Dear readers, I solemnly ask, “You sweat, right?”
You know, those little drops of waste, salty-water escaping through the microscopic pores of your conditioned and lotioned tan-skin?
To quench your thirst, you ogle the urban scapes for a store-front refrigerator – so which would you choose? How about bottled water? A can of Coca-Cola? (Heck, why not just buy both?!)
You untwist the cap – you crowbar the can – and seconds later you’ve chugged it down. What’s left is a hollow vessel of what was a tasty ‘pick-me-up’.
You’re now vitalised and ready to take on the world!
“So where’s that trash can?” (Crickets chirping and dust balls twirl … there’s still no bin in sight!)
It’s a villainous thing to do, but you don’t want to hold on to dead-weight, you quickly discard it into the drain. (No harm done, right?)
But think of it this way … In a microcosm-scale, if all moral-sense of throwing your rubbish into a trash-can was gone, we would be sailing in oceans of waste.
With such a horrid dystopia right ahead of us, there are some that stand in the face of our waste-destruction, in this case – creating grass-made biodegradable drinking straws.
A Vietnamese youth is making biodegradable straws with grass that grows wild in the Mekong Delta. https://bit.ly/2I1nF0T
Posted by VnExpress International on Tuesday, March 26, 2019
(Video courtesy of VnExpress International)
Tran Minh Tien, a Vietnamese Green-Fighter, isn’t just stepping up and saying no while pointing fingers, he’s begun manufacturing straws made completely out of grass. (Yes! Those green things on the ground!)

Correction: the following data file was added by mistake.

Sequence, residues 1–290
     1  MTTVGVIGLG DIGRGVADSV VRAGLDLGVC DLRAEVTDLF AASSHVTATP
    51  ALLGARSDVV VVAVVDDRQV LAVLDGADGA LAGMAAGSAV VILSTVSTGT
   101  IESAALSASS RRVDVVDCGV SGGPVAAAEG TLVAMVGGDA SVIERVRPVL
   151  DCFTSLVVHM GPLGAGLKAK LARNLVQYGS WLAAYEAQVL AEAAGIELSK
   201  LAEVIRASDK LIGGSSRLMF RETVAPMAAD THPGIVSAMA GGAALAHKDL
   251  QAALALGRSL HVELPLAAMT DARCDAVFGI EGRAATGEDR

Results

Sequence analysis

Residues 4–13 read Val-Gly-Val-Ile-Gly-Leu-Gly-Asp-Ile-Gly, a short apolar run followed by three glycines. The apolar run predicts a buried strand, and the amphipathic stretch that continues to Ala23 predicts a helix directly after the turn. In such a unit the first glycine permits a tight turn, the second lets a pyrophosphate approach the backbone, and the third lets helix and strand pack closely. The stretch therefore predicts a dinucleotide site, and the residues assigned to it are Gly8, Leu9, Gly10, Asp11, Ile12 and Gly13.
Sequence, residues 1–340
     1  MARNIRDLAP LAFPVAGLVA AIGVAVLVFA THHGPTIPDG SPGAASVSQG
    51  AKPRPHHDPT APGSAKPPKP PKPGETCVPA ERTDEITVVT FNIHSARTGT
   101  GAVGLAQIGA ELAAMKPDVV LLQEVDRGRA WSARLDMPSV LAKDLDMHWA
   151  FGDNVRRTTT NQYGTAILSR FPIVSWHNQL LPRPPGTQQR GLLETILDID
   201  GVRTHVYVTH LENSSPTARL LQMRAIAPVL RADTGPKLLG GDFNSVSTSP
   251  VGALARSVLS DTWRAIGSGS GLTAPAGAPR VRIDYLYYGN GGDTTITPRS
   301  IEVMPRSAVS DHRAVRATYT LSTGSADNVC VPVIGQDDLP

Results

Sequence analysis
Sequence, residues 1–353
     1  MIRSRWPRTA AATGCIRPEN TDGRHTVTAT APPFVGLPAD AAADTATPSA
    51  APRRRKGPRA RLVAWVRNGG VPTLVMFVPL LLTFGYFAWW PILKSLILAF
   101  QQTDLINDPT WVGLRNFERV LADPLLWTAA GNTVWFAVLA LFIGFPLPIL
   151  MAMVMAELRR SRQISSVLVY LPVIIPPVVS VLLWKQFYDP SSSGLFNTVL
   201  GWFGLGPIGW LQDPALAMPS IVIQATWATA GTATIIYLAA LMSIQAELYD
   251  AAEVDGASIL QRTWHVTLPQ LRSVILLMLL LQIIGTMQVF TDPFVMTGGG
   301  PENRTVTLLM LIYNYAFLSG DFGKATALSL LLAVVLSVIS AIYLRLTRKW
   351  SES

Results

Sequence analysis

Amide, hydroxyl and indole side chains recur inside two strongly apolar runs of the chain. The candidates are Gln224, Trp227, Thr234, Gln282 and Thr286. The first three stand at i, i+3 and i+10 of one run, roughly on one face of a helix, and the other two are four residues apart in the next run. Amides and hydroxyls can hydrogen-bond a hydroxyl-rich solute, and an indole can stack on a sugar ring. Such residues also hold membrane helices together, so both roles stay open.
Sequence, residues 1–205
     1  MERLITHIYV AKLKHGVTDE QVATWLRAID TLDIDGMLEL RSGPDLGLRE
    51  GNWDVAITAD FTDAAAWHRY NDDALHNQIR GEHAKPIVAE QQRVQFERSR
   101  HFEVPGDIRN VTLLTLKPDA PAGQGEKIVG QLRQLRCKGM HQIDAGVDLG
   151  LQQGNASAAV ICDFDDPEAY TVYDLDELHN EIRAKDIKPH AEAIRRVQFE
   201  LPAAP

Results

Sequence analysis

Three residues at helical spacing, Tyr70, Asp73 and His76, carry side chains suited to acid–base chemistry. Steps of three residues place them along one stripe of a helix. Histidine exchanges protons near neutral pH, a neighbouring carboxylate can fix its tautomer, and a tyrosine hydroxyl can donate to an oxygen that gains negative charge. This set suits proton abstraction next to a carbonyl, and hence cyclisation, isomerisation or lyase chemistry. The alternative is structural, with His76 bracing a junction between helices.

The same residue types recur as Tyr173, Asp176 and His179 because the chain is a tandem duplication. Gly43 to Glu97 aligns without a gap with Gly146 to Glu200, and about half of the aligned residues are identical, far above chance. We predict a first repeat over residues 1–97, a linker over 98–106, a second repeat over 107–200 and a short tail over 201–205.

The grass’s scientific name, ‘Lepironia Articulata’, is a more-than-common sprout in Vietnam’s district of Mekong Delta, where Tran Minh’s based at.
In an interview with the inventor himself, Tran explains how he collects the hollow stems of the grass, then washing and cutting his finds.
After the process of separating and cleaning them, he uses a metal rod to hollow out the innards of the grass.
The final product, now ready to be sold, is wrapped up in banana leaves, which is also biodegradable.
Upon visiting Tran’s website, you will be able to order and purchase the straws with different variations, 1 which is fresh (shelf-life 1 week) and a dried-batch which lasts up to 6 months.
On the website, Tran provides advice on his green-straws and how it’s good for Mother Earth.
“The product is wrapped in banana leaves, bundled with 100 tubes, when you buy it, put it all in a nylon zip bag and put it in the refrigerator compartment.
“The suction tube can be stored in a cool compartment for up to two weeks. If you do not use it all, boil light salt water and then dry it for longer use.
“Grass straws are designed to be used once in every restaurant.
“For individuals who buy, you can try to re-use grass straws many times.
“After each use, it can be cleaned with salt water and drained into a cool compartment. The manufacturer believes that you should not throw away this straw after 1 time of use.”
There are a multitude of different types of eco-friendly and biodegradable straws, let alone, different cutleries for mass-consumption.
In Brunei, there are local start-ups that have begun incorporating greener methods of production and tools, one of them being Nur Hafizah Binti Abdul Harith, and her ‘Straw Wars Brunei’ campaign to fight the use of plastic straws.
Let’s hold hands or hold biodegradable straws together for a better, greener future!
Isn’t it time for you to ditch single-use plastic straws for good?